Choosing a NoSQL Database - technology comparison matrix

Analytics Oct 17, 2014

The big data technology landscape consists of such a large number of choices, that often the most critical step in successfully implementing a solution is choosing the right platform that will address the requirements of the problem at hand, and that is sustainable in the long term.

With such a large number of choices though, doing a feature-wise comparison of all individual platforms is just too complex and time consuming. However, it is possible to group these options based on the data models they support.

The following technology comparison matrix compares different predominant data models, their capabilities, typical applications as well as limitations.

**Data Model, Examples** **Capabilities** **Applications** **Limitations**

BerkleyDB, MemcacheDB, Redis, DynamoDB

- The simplest model where each object is retrieved with a unique key, with values having no inherent model - Utilize in-memory storage to provide fast access with optional persistence - Other data models built on top of this model to provide more complex objects - Applications requiring fast access to a large number of objects, such as caches or queues - Applications that require fast-changing data environments like mobile, gaming, online ads

- Cannot update subset of a value - Does not provide querying - As number of objects becomes large, generating unique keys could become complex

MongoDB, CouchDB, Apache Solr, Elastic Search

- Extension of key-value model, where value is a structured document - Documents can be highly complex, hierarchical data structures without requiring pre-defined “schema” - Supports queries on structured documents - Search platforms are also document-oriented - Applications that need to manage a large variety of objects that differ in structure - Large product catalogs in e-commerce, customer profiles, content management applications - No standard query syntax - Query performance not linearly scalable - Join queries across collections not efficient

Cassandra, BigTable, HBase, Apache Accumulo

-  Extension of key-value model, where the value is a set of columns (column-family) - A column can have multiple time-stamped versions - Columns can be generated at run-time and not all rows need to have all columns - Storing a large number of time-stamped data like event logs, sensor data - Analytics that involve querying entire columns of data such as trends or time series analytics - No join queries or sub-queries - Limited support for aggregation - Ordering is done per partition, specified at table creation time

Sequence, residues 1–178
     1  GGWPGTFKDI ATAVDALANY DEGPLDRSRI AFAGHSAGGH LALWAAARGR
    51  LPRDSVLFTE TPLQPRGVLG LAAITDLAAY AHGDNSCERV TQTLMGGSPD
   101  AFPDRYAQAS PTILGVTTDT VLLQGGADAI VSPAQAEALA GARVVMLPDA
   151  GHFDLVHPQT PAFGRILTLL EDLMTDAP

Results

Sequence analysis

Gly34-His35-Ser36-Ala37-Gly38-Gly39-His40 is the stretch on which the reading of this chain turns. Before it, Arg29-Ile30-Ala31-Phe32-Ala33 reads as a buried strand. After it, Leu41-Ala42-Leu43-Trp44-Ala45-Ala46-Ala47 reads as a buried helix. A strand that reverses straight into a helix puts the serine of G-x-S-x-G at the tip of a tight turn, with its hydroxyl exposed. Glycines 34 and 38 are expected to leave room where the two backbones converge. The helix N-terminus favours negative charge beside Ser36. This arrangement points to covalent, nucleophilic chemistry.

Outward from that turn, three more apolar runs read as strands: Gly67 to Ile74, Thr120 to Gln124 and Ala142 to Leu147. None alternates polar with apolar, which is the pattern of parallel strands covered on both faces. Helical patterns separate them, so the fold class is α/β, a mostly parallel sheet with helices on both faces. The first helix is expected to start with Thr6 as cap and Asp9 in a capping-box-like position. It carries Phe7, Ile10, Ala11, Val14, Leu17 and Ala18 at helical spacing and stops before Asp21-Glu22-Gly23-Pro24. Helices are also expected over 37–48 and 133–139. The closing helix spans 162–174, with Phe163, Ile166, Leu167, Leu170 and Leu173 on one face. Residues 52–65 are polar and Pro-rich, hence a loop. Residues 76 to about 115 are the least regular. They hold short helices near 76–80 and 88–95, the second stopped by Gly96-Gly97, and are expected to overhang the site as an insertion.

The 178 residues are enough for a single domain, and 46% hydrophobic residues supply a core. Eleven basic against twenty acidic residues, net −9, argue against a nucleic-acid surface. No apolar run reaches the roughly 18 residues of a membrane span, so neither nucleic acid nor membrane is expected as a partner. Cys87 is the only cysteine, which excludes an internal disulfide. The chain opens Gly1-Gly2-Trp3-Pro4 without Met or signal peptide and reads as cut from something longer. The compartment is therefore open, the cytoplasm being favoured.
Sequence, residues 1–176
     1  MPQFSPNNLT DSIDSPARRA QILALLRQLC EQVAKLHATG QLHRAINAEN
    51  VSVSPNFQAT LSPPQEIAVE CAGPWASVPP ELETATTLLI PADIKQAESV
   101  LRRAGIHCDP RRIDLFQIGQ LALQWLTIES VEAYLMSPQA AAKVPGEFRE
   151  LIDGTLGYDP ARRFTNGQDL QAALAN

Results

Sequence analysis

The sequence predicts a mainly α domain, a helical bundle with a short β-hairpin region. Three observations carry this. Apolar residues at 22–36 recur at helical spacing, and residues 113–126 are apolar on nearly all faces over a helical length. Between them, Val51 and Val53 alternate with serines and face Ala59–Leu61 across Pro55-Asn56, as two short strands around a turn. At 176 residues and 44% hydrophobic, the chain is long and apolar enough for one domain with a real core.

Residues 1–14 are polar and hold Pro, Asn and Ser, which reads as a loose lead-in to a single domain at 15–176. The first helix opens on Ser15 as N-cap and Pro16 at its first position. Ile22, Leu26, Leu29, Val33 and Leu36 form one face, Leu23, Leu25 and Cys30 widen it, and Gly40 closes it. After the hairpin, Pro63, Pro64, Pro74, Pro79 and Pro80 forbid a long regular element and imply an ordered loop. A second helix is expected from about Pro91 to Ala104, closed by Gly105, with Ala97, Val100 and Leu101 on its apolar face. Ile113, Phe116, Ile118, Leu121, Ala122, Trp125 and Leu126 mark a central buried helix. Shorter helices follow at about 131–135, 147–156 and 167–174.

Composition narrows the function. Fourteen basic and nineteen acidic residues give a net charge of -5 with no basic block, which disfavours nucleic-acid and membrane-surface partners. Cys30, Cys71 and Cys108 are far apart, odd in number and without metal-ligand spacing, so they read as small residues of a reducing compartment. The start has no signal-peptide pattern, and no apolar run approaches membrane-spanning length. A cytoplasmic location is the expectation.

Neo4J, OrientDB, Apache Giraph, AllegroGraph

-  Models graphs consisting of nodes and edges with properties (meta-data) describing them - Implement very fast graph traversal operations - Also support indexing of meta data to enable graph traversal combined with search queries - Applications that deal with objects with a large number of inter-relations - Applications like social networking friends-networks, hierarchical role based permissions, complex decision trees, maps, network topologies -  Difficult to scale for large data sets for generic graphs - [Giraph]( uses the [Bulk Synchronous Parallel ]( to overcome some of the scalability limitations

MySql, PostgreSQL, MariaDB, Oracle, SQL Server

- Conventional RDBMS structure consisting of fixed schema with [ACID]( properties - Provides well documented and widely supported SQL syntax - Capable of complex queries including subqueries and joins -  Transactional data applications like ERP, CRM, Banking etc. - Applications where data volume is limited and schema are by and large fixed - Lacks horizontal scalability and hence limited in handling “big data” - Not efficient at handling complex multi-level nested data - Cannot handle “unstructured” data where structure is not known at design time
Choosing the right platform would involve mapping the requirements in terms of the data model, and the type of querying and data access patterns required. The table above includes a brief overview of common features supported by various engines and it can help shorten the list of options. However, it surely requires a much finer analysis of the individual engines to make a final choice for any application.

It may seem like there is a glaring omission of Hadoop in the above table. Hadoop is so widely known in the context of big data and NoSql, that often it is mistaken for a database.

Hadoop fundamentally consists of:

  • Hadoop Distributed File System (HDFS) – a distributed file storage system with built-in replication and fault tolerance,
  • Hadoop YARN – a framework for job scheduling and cluster resource management
  • Map Reduce – a distributed programming model to process a large number of objects

There are database engines that are built on top of Hadoop such as HBase, Hive, Giraph etc. that provide different database models, and these are included in the above table.

Please feel free to share your experience in selecting the right database engine for your application.


Ashutosh Bijoor

Adventurer, mathematician, software architect, cyclist, musician, aspiring wood worker